"Sometimes, what you want to do is test and learn but to enable that you need a fast model. So we’re trying to say, ‘Go and innovate’ because we’re the fastest model."
- Katie Crook-Davies, co-founder of t+1
t+1, launched by Tabei, is a new actuarial projection model built for insurance and reinsurance companies. Its specially designed algorithm delivers long-term insurance product pricing, financial reporting and capital calculations with speed and accuracy while maintaining transparency. Operating in browser, t+1 hopes to make large tech infrastructure and integration a thing of the past.
In preparation for the launch, Debbie Kennedy, CEO of LifeSearch, Phil Zeidler, co-founder of DeadHappy and Simon Sheldon, former head of transformation at Canada Life joined its advisory board to support the growth of t+1.
Praising the “exciting new development of t+1,” Kennedy said that “actuarial transformation is vital today for insurers and risk carriers.” She believes that by adopting “new technologies that enable faster processing, enhanced analytics and cost-effective modelling, [t+1] will truly empower the actuarial business functions.”
“Tabei has created a model and tool that has the potential to shift the focus from data processing and bring actuarial functions front and centre when it comes to innovation in risk modelling,” she explained.
Likewise, Zeidler said that “the vision with t+1 to accelerate the pace of change and learning in the actuarial space is a core deliverable in pushing the industry forward.” He felt that the advisory board combines a “deep technical understanding of the long-term protection market with the highest levels of determination and ability to transform it - for the good of consumers.”
Describing other data systems as “rigid and sluggish,” Sheldon was thrilled to hear that t+1 “cuts to the heart of these issues with actuarial software developments [to] bring much-needed simplification and agility.”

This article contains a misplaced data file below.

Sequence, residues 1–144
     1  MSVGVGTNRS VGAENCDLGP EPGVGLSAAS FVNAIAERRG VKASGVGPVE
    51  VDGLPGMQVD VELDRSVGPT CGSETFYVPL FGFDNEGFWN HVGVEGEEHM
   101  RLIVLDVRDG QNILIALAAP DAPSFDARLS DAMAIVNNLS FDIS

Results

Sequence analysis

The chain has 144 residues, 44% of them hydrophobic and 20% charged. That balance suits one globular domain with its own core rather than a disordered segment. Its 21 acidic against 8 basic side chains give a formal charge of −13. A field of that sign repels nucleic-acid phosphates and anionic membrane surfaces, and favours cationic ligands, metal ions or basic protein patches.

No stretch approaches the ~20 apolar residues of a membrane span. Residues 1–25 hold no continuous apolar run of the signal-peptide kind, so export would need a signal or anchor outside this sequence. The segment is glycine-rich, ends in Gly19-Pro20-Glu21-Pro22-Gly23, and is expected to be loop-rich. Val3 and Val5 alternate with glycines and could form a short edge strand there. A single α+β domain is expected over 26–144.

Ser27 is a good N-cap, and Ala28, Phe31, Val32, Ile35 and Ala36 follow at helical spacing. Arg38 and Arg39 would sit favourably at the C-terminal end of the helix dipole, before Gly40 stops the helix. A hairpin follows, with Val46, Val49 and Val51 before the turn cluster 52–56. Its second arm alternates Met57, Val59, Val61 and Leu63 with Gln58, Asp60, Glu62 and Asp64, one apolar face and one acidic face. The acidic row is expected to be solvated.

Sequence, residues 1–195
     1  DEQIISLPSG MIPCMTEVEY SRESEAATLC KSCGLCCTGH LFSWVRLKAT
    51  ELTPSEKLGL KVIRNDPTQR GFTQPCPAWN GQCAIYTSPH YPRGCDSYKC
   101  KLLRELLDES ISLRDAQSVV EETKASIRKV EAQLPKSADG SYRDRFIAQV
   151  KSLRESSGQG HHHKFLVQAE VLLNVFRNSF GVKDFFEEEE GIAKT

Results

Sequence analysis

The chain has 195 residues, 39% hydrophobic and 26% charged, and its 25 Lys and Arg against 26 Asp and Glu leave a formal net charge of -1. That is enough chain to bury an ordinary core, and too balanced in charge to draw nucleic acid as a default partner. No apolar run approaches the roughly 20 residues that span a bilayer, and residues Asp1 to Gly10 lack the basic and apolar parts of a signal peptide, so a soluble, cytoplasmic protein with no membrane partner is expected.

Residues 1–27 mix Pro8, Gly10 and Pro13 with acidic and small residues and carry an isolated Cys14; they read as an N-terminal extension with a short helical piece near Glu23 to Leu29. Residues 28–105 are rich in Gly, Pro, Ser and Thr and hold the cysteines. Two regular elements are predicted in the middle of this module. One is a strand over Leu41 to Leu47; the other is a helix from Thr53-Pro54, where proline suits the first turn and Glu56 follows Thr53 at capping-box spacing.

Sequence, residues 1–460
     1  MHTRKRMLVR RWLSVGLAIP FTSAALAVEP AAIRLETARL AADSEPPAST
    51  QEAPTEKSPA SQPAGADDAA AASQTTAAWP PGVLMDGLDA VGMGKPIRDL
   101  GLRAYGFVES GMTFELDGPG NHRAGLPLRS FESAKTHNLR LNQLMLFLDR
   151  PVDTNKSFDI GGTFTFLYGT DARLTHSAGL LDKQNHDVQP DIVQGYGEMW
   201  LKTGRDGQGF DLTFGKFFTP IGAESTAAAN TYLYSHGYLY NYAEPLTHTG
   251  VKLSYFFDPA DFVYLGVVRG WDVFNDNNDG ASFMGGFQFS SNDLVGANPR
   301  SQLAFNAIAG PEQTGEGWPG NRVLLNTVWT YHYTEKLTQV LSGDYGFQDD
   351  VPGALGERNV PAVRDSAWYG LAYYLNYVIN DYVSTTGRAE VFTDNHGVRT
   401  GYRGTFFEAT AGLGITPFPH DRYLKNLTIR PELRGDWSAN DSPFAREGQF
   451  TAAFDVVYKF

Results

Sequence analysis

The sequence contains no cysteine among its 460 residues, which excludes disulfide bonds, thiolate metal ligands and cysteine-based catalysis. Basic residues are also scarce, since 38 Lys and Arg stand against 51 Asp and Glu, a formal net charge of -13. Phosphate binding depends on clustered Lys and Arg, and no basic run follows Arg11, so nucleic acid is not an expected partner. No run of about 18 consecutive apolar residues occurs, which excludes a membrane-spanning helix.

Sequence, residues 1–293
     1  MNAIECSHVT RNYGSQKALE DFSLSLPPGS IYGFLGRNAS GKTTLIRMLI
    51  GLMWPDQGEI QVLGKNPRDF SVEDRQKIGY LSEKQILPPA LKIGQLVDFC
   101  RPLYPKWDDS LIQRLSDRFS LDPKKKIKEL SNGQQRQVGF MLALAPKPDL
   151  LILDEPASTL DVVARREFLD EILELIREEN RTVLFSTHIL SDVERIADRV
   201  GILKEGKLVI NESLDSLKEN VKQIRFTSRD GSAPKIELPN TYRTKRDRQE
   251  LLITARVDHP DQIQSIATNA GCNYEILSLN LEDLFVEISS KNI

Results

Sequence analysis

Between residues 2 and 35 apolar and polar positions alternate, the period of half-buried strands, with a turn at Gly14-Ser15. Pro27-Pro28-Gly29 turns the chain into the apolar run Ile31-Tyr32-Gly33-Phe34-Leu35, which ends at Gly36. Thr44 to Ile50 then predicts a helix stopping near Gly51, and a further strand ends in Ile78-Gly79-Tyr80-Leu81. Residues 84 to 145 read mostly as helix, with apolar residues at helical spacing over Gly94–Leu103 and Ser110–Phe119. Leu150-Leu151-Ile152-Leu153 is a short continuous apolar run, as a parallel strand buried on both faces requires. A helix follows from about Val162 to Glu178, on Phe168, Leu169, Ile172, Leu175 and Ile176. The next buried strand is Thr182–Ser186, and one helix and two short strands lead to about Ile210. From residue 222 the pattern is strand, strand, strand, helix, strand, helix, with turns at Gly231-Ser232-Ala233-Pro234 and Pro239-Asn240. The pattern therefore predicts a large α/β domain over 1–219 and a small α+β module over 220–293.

Since the launch, Protection Reporter has spoken with Katie Crook-Davies about the motivation behind t+1. She said that t+1 was born from a “desire to do better,” because as an industry, “we want to grow but to do that we have to look at new areas of growth and design new propositions that work for different types of customers.” To achieve this goal, (re)insurers have to be agile, respond to market changes, re-design products, and re-price them quickly. In order to do that, a quick actuarial model is vital.
So far, Crook-Davies doesn’t believe other models are achieving this so t+1 was designed “to be that enabler, to enable change and innovation within our industry.” Unlike other actuarial models, t+1 can run in minutes rather than hours which she felt was a “big shift.” t+1 delivers higher levels of agility through its proprietary algorithm; this algorithm is very distinct from anything already on the market and uses the cloud in a slightly different way to rival models. Instead of installing t+1 on local machines which, historically, has restricted the speed of models, t+1 has “real efficiency” through its use of the cloud.
Discussing accessibility, Crook-Davies highlighted that t+1 has been designed to make actuarial modelling “considerably more accessible to a wider pool of people in an organisation.” Again, historically, these models have been complex and complicated to interpret results, so t+1 was developed in hopes of “really simplifying the output of these models and how people use them.”
“We hope that more people in organisations can get involved and make that connection between the customer and how actuarial models are enabling benefits; we truly believe in the integrated approach,” Crook-Davies explained.
Despite t+1 launching less than a month ago, Crook-Davies said that they’re in the process of speaking with a few insurers and hope to get their first clients on board very soon. She believes that the full protection suite can benefit from t+1, but long-term products fit the model best, because “when you’re modelling them, you have to do calculations for the full length of a policy.”